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Labor Unions Take On Rauner At DNC Events

There’s one theme that’s come up day after day at the Illinois delegation’s events at the DNC this year: Bruce Rauner’s stance on unions.

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Mary Kay Henry, President of SEIU speaks during the first day of the Democratic National Convention in Philadelphia , Monday, July 25, 2016.

Mary Kay Henry, President of SEIU speaks during the first day of the Democratic National Convention in Philadelphia.

J. Scott Applewhite

There’s one theme that’s come up day after day at the Illinois delegation’s morning events this week in Philadelphia: Gov. Bruce Rauner’s stance on unions.

Rauner has advocated for a number of policies in the legislature, in court, and in contract negotiations that labor unions see as a threat to their very existence.

This week, Illinois Democrats have heard about that fight over and over.

According to the agenda handed out by the state Democratic Party, 20 union leaders have addressed the Illinois delegation during breakfasts this week. Here’s what a few of them had to say:

“Does Gov. Rauner sound familiar to you? Does he sound like Donald Trump to you?”
-Jorge Ramirez, President of the Chicago Federation of Labor

“We fell asleep at the switch and elected a rich, disconnected bastard for governor of this state.”
-Eric Dean, The International Association of Bridge, Structural, Ornamental and Reinforcing Iron Workers Union

“I don’t know what else I can say about your governor. Excuse my French, I think I saw all the kids (leave), I think your governor’s a jackass to tell you the truth.”
-Terry O’Sullivan, Laborers’ International Union of North America

“We’re gonna open up one gigantic can of whoop ass on Donald Trump and every Republican in this country.”
-J. David Cox, American Federation of Government Employees

The overarching point is that unions hate Rauner’s policies - and what Rauner is advocating for has drawn the eye of national unions in Washington, D.C.

“The state of Illinois for our members is Ground Zero,” said Lee Saunders, who leads the union AFSCME at the federal level. “Make no mistake about it: When we engage in battle, AFSCME engages in battle. We aren’t letting anyone stomp on the rights of our members across the state of Illinois.”

AFSCME Local Council 31, which represents about 36,000 Illinois state government workers, is in middle of a big contract fight with Rauner. Negotiations have stalled for several months as Rauner sought to declare an impasse. Rauner has said the union’s demands are unaffordable and the union has said Rauner wants to destroy workers’ rights.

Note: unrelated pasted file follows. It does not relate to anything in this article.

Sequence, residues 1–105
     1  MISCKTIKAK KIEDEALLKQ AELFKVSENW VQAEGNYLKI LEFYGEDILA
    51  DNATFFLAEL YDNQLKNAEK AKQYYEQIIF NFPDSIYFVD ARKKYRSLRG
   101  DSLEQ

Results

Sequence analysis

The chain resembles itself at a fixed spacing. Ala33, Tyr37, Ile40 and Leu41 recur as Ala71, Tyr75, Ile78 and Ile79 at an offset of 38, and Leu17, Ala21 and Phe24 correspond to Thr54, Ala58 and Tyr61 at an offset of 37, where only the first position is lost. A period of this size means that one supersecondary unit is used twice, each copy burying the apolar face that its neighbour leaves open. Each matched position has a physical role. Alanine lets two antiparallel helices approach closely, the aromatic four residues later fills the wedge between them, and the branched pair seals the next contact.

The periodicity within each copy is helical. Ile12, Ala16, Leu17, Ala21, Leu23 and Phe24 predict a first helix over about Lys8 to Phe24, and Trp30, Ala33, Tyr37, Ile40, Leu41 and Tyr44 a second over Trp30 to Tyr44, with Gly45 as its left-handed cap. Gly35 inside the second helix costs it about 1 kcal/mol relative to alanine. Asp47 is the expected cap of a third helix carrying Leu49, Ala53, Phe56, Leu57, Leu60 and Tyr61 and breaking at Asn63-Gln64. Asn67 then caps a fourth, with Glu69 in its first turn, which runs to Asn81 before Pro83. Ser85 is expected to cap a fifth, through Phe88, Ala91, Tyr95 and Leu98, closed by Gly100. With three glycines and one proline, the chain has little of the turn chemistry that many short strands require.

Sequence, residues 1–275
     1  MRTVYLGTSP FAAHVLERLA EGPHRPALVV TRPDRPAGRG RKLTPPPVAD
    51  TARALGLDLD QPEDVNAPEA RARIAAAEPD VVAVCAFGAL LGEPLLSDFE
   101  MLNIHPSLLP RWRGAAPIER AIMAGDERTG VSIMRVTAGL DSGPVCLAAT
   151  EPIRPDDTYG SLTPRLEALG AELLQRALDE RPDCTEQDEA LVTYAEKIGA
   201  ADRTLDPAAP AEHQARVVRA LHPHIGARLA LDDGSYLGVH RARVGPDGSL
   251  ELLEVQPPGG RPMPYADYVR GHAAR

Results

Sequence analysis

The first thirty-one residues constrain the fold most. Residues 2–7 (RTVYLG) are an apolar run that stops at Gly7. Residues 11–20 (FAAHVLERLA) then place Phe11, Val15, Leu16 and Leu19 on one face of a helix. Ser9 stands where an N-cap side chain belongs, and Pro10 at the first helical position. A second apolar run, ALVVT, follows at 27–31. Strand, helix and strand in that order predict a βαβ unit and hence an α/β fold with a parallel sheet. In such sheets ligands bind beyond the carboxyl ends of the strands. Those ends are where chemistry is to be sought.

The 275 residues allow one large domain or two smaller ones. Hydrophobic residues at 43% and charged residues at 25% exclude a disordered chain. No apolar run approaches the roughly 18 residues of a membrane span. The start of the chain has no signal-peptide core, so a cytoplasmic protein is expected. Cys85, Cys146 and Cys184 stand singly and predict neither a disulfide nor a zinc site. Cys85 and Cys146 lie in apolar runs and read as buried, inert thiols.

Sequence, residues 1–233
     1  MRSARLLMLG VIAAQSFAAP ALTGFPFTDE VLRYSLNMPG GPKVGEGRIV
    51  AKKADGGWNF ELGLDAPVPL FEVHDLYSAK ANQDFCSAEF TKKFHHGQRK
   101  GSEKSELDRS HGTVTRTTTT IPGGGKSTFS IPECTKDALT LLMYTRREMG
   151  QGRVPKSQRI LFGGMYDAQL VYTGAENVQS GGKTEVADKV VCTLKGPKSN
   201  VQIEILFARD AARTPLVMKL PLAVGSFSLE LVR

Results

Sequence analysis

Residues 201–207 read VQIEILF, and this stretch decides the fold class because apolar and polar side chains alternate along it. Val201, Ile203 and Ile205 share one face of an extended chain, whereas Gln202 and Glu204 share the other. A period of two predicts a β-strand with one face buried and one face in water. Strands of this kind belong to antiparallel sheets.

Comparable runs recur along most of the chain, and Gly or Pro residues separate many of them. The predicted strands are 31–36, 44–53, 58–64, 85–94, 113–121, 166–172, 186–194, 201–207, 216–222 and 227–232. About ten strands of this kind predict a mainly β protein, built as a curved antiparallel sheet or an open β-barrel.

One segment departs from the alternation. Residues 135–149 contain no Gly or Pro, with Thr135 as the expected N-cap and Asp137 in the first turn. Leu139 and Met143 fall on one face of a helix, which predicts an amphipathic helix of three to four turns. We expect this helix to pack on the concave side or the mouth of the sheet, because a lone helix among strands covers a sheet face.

Illinois state workers who are AFSCME members have been told to prepare for a strike.

“If Council 31 goes on strike, I want to make this real clear: An attack on them is an attack on our national union and we’re gonna fight like hell to protect our members,” Saunders said to the Illinois Democratic delegation.

Ed Smith of the Union Labor Life Insurance Company spelled out how unions’ policy positions align with the Democratic Party’s.

“Hey, it’s so easy. Why are they coming after unions? It’s a twofer,” Smith said. “When you get unions, you get the Democrat Party.”

Many union members work as precinct workers for the Democratic Party, make phone calls for Democrats, knock on doors for Democrats and contribute money to Democratic candidates.

Several unions paid for a delegate breakfast buffet in Philadelphia this week.

In return, those Democrats have responded by treating some union leaders as celebrities. For instance, outside one of the breakfasts this week, Mary Kay Henry, president of the Service Employees International Union (SEIU), couldn’t walk down the hall without state lawmakers posing for pictures with her.

“We now see Illinois as a state where we need to nationally help make sure that this ‘16 election is used as a stepping stone to make sure we that get Rauner out of office in ‘18,” Henry said.

Rauner spokeswoman Catherine Kelly responded to this week’s rhetoric with a written statement.

“These comments demonstrate the lack of judgment and reasonableness of the leaders who are marching our state workers toward a September 1 strike. National union leaders could care less about Illinois’s state employees or our worst-in-the-nation economic situation. These national union leaders want to stir up unrest in Illinois so they can use our workers to fundraise for their national organizations. Apparently local labor leaders are willing to let their own members be used in that way and that is wrong.”

Meanwhile, Rauner’s top opponent, Michael Madigan, who is both the Illinois state House Speaker and the state’s Democratic Party chairman, has been praised up and down this week by union leaders for standing up to Rauner - especially the union leaders who work more in Washington, D.C. than Springfield, Illinois.

“The extremism of Governor Rauner is known all across America. He’s easily identified with the extreme Right in the Republican Party and the extreme Right in the nation,” Madigan told reporters when asked about Rauner’s national reputation.

After this week in Philadelphia, as both Rauner and Madigan get encouragement and praise from people in their ideological corners, the state’s conflict between business interests and unions seems to be moving toward the governor’s race in 2018 and not a compromise. And It’s sucking in things like passing a complete state budget into its orbit.

Tony Arnold reports on Illinois state politics. Follow him at @tonyjarnold.

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